Attempts at Honesty - Reflections on the interplay of the Bible and Culture
In the introduction of David Berlinski’s book entitled, The Devil’s Delusion, he writes the following:
“We know better than we did what we do not know and have not grasped. We do not know how the universe began. We do not know why it is there. Charles Darwin talked speculatively of life emerging from a “warm little pond.” The pond is gone. We have little idea how life emerged, and cannot with assurance say that it did. We cannot reconcile our understanding of the human mind with any trivial theory about the manner in which the brain functions. Beyond the trivial, we have no other theories. We can say nothing of interest about the human soul. We do not know what impels us to right conduct or where the form of the good is found.”
It would be good to keep in mind that Mr. Berlinski introduces himself as a secular Jew and not someone who embraces a religion as a part of his life.
The point I take away from this is that while Science has done a lot to help us better understand the world in which we live, it is limited to observing how the universe works.
I am grateful for the advances that have been made that increase the comfort of our existence. But, science is limited to observations of what is. Science is also limited in what it can say in response to the four important questions that man needs to answer. Ravi Zacharias was the first person I heard list these four:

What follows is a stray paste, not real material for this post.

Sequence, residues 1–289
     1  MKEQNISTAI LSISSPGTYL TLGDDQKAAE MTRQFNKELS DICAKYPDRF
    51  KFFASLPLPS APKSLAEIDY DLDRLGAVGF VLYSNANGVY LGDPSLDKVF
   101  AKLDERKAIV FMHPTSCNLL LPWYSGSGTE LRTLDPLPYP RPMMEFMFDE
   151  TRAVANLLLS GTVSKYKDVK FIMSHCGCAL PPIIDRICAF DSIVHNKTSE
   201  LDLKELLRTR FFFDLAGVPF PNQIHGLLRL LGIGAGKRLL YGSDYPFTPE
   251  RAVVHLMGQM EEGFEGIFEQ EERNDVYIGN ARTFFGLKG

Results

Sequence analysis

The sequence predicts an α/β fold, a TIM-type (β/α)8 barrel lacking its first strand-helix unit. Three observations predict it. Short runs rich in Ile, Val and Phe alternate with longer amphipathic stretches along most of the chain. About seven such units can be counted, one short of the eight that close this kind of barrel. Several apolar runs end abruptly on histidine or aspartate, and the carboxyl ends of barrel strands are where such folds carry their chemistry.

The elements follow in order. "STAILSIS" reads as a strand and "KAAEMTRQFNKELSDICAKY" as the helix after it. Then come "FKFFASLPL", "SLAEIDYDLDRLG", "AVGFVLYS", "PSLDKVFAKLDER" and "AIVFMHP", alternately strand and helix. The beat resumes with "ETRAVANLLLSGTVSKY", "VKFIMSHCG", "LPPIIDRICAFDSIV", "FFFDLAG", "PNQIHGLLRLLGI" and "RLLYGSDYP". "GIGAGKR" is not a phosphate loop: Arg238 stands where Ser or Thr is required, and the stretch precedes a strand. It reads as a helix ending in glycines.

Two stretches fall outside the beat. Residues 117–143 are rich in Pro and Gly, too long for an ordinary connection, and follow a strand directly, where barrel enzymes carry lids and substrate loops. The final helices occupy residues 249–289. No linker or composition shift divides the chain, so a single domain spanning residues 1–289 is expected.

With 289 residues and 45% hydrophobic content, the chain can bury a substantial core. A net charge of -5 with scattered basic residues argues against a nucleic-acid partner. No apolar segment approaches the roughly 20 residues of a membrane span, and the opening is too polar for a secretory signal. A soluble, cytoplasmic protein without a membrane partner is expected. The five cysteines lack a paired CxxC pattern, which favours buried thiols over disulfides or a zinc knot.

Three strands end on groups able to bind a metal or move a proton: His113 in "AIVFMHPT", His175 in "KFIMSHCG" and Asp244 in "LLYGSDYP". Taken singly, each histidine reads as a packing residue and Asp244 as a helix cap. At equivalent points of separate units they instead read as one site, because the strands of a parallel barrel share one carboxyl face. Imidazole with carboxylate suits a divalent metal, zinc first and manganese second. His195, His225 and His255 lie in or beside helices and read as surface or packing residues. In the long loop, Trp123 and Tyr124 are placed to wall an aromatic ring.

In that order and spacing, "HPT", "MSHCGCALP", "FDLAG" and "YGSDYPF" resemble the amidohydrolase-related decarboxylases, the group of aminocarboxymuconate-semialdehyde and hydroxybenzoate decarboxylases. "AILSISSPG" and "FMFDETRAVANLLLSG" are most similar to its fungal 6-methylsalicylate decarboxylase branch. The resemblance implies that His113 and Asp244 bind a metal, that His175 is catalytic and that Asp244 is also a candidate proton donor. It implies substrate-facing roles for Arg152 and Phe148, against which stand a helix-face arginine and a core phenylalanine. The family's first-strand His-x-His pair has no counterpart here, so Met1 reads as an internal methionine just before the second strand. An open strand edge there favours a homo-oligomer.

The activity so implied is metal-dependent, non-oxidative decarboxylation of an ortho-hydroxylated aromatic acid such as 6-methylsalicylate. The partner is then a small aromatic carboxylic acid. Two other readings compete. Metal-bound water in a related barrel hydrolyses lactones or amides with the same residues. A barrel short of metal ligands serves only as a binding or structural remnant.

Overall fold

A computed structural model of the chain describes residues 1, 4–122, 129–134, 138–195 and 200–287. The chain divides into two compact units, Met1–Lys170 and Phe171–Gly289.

- Origin – How did this all begin?
- Meaning – How do I find meaning in life?
- Morality – By what standard do I make moral judgments?
- Destiny – What happens when I die?
Berlinski goes on to write:
“No Scientific theory touches on the mysteries that the religious tradition addresses. A man asking why his days are short and full of suffering is not disposed to turn to algebraic quantum field theory for the answer. The answers that prominent scientific figures have offered are remarkable in their shallowness. The hypothesis that we are nothing more than cosmic accidents has been widely accepted by the scientific community. Figures as diverse as Bertrand Russell, Jacques Monod, Steven Weinberg, and Richard Dawkins have said it is so. It is an article of their faith, one advanced with the confidence of men convinced that nature has equipped them to face realities the rest of us cannot bear to contemplate. There is not the slightest reason to think this so.”
Speaking about religious teaching he concludes:
“I do not know whether any of this is true. I am certain that the scientific community does not know that it is false.
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